President Donald Trump called on Democrats to support him in overhauling the tax code on Wednesday, fresh off a debt-ceiling and spending deal with the party leaders that amounted to an end-run around top Republicans lawmakers.
Speaking in North Dakota, Mr. Trump was joined onstage by Sen. Heidi Heitkamp, a rare Democratic senator who has signaled she could back his still-forming tax proposal. The president described his tax plans as a "once-in-a-generation opportunity" to make "the greatest tax reduction in the history of our country."
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While Republican leaders in Congress emphasize a broader tax overhaul that would lower tax rates while removing some tax breaks, Mr. Trump homed in on tax cuts, promising lower burdens on businesses, estates and individuals. The Trump administration has released few details on the plan and top policy makers huddled with the president earlier this week at the White House.
In his speech, Mr. Trump specifically backed a bigger standard deduction, a larger child tax credit and repeal of the estate tax. Mr. Trump also said owners of pass-through businesses -- which report profits on their owners' individual returns -- would benefit from the plan. Mr. Trump, as an owner of pass-through businesses, could benefit from the plan.
The GOP-controlled Senate could pass a tax bill as long as it secured support from 50 or 51 of the Republican party's 52 senators there, using a parliamentary procedure known as reconciliation, rather than the 60 votes usually needed to advance legislation.
But Sen. John Cornyn, a Texas Republican and member of the Senate leadership team, said Wednesday that he preferred to focus on getting votes from some Democrats, adding that such an approach would free lawmakers from some of the limits of the reconciliation procedure.
Asked if he thought that was possible, he replied: "We're going to try. We're going to start in the Finance Committee, try to do a bipartisan markup, we'll also pass a budget resolution to get reconciliation instructions as a fallback, but we're going to try."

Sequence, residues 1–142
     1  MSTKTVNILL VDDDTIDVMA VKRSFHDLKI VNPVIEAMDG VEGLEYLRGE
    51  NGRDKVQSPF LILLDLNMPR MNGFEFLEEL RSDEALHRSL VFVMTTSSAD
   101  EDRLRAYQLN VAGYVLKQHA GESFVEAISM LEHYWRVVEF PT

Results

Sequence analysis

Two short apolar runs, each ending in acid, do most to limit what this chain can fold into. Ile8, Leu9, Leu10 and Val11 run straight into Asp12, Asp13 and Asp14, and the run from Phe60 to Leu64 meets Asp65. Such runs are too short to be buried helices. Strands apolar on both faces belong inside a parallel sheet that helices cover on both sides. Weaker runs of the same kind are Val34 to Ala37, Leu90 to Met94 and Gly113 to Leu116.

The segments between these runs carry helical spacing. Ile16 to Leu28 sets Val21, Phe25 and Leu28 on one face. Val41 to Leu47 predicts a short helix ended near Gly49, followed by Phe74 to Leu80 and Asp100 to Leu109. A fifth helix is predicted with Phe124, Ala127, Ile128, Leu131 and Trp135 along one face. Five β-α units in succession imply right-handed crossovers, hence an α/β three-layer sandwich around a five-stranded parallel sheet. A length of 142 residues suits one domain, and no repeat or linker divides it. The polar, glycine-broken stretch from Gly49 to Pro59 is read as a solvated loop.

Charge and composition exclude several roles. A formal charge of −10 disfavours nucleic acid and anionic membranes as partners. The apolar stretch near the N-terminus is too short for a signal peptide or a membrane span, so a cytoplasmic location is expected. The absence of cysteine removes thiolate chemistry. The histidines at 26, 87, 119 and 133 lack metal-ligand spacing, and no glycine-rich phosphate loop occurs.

Senate Majority Leader Mitch McConnell (R., Ky.) had indicated he intended to use the reconciliation process as the primary mechanism for pursuing a tax-policy overhaul and lower rates. He cited a letter from 45 of the 48 current Democratic senators that stated their opposition to any plan that added to the deficit or cut taxes on the richest Americans.
Ms. Heitkamp, up for re-election in 2018, is one of the three Democratic senators who didn't sign the letter cited by Mr. McConnell. She flew to the event in Air Force One and joined the president on stage, along with North Dakota Republican leaders, business leaders, and at one point, the president's daughter Ivanka Trump.
With control of Congress and the White House, the GOP has looked forward to the tax debate for the first seven months of Mr. Trump's presidency, particularly during a prolonged and bruising battle over the party's pledge to overturn and replace the 2010 Affordable Care Act.
On the way to North Dakota, Mr. Trump announced he had agreed to a proposal by Senate Minority Leader Chuck Schumer (D., N.Y.) and House Minority Leader Nancy Pelosi (D., Calif.) for a three-month extension of both government funding and a three-month increase in the debt limit as part of a Hurricane Harvey aid bill. House Speaker Paul Ryan (R., Wis.) had sharply criticized the plan.
White House aides characterized the deal as a move to clear the decks for Congress to focus on tax policy, though that raises the prospect of a fresh crisis when the deal expires Dec. 15, right as lawmakers had eyed finishing up a tax deal.
Mr. Trump repeated in his speech an incorrect statement that he made frequently during the presidential campaign, that the U.S. is "the highest taxed nation in the world."
Compared with other major developed countries, the U.S. tax burden is low, largely because the country lacks a value-added tax on consumption.
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(END) Dow Jones Newswires
September 06, 2017 20:14 ET (00:14 GMT)
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